The ANTS Load Balancing System - Sample Setup

Simple two-node setup

We have two nodes, node1 and node2. On both nodes you are expected to have installed the ANTS system.

On both nodes, you should now create the file /etc/antsd.hosts, which tells the antsd which hosts are allowed to join the ANTS network (the JobNet). The file looks like hosts.equiv and similar files, and is simply a list of hostnames. Your file should look like:

...and that's it.

Now you should define what job-types you want to run on each host. Jobs are given types so that you can limit the number of eg. linkers and compilers you wish to run on each host individually. We define three job-types on host1, and two job-types on host2, in this example.
On host1 write the following in the /etc/antsd.conf file:

gcc 8 3
g++ 4 2
This tells the job-daemon that:
On host2 we also define a ld job type. This is for linkers. Perhaps it's host2 that holds the shared home-directory, and since linkers are really heavy on disk I/O, it may make sense to only define the linker job-type on the host physically holding the disks for the home directory. We write a /etc/antsd.conf on host2:
gcc 4 3
g++ 4 2
ln  6 2
The numbers mean the same as before.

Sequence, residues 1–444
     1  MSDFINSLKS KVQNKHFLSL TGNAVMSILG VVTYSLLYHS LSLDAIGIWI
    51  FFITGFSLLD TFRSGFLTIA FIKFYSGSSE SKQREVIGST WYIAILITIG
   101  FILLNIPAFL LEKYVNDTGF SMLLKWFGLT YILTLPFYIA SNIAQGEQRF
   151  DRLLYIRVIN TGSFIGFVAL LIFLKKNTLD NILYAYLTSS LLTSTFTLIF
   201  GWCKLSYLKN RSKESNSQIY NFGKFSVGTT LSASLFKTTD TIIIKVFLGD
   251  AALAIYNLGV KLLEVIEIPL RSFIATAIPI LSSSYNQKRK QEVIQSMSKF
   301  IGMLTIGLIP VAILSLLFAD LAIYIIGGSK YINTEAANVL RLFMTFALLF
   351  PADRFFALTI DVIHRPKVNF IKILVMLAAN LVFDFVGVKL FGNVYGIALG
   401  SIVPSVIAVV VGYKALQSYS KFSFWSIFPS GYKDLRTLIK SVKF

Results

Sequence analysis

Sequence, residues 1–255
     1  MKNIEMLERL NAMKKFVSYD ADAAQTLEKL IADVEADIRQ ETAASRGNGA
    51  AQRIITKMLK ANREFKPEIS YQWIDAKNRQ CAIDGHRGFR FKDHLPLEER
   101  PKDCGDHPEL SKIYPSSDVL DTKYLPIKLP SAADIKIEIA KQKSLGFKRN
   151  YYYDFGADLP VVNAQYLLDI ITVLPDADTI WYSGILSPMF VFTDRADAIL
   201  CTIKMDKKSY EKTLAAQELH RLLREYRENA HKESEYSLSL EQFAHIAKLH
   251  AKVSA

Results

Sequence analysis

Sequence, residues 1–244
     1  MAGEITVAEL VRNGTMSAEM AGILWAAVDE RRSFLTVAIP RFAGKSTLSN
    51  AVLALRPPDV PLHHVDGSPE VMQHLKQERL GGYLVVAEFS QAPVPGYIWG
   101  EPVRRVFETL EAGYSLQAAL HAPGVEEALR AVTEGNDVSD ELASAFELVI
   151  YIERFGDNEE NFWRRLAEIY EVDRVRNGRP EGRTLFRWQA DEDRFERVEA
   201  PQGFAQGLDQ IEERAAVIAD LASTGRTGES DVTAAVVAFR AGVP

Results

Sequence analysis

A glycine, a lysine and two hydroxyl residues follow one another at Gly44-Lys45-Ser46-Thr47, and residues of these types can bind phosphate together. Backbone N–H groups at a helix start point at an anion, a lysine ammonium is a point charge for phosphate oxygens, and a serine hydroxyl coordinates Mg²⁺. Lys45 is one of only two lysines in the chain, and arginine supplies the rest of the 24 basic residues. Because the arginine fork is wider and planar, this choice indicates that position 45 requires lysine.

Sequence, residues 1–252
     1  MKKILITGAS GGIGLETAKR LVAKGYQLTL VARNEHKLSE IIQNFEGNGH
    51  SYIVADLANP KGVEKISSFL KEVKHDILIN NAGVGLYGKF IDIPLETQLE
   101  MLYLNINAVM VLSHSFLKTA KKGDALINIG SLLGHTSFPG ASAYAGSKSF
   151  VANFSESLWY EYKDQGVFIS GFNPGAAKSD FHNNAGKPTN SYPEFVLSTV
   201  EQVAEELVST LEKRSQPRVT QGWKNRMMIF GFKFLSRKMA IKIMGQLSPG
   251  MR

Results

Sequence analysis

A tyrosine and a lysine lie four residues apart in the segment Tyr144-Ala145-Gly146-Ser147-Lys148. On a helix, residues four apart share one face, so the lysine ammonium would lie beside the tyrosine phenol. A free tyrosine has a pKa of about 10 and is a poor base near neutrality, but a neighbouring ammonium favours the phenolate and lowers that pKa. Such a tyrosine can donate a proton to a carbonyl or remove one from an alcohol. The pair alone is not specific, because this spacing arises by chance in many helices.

Using this example, a rant -t gcc hostname should return either node1 or node2, meaning the hostname command was executed on that host. But a rant -t ln hostname will always return host2 since host2 is the only host defining the ln job type.

I hope this example gave you an idea about what this is all about.

The Makefile changes

Although you can use this system for other things than parallel make jobs, this was actually what the system was built for. A simple change in a makefile will allow your compilation to make use of the ANTS functionality.

The idea is simple: Change the variables defining the name of your compiler, to the rant -t'ified version of the same. Example:

CC = rant -t gcc gcc
LD = rant -t ld  ld
CPP = rant -t g++ g++
Putting this in your makefile should allow normal compile rules that use those variables, to use the ANTS system. You should also run the make command with a -j switch, to allow the make program to start up multiple compilations concurrently. See the make documentation for more info on the switches.

The beautiful solution would of course be to integrate GNU Make with the ANTS system so these things happened automatically.

Compiling the Linux kernel

Change the following in the main Makefile for the kernel:
AS              = rant -t ld $(CROSS_COMPILE)as
LD              = rant -t ld $(CROSS_COMPILE)ld
CC              = rant -t gcc $(CROSS_COMPILE)gcc
CPP             = rant -t gcc $(CC) -E
AR              = rant -t ld $(CROSS_COMPILE)ar
NM              = rant -t ld $(CROSS_COMPILE)nm
STRIP           = rant -t ld $(CROSS_COMPILE)strip
OBJCOPY         = rant -t ld $(CROSS_COMPILE)objcopy
OBJDUMP         = rant -t ld $(CROSS_COMPILE)objdump
And create the ld and gcc job types in your cluster, as descibed earlier. When compiling, you should specify the -j switch for make, to tell make that it should spawn multiple concurrent jobs. Example:
] make clean ; make dep ; time make -j16 
real    1m34.156s
user    0m29.120s
sys     0m10.640s
1.5 minutes for a full 2.4.2 kernel compilation - that's not too bad :-) The above was run on a cluster consisting of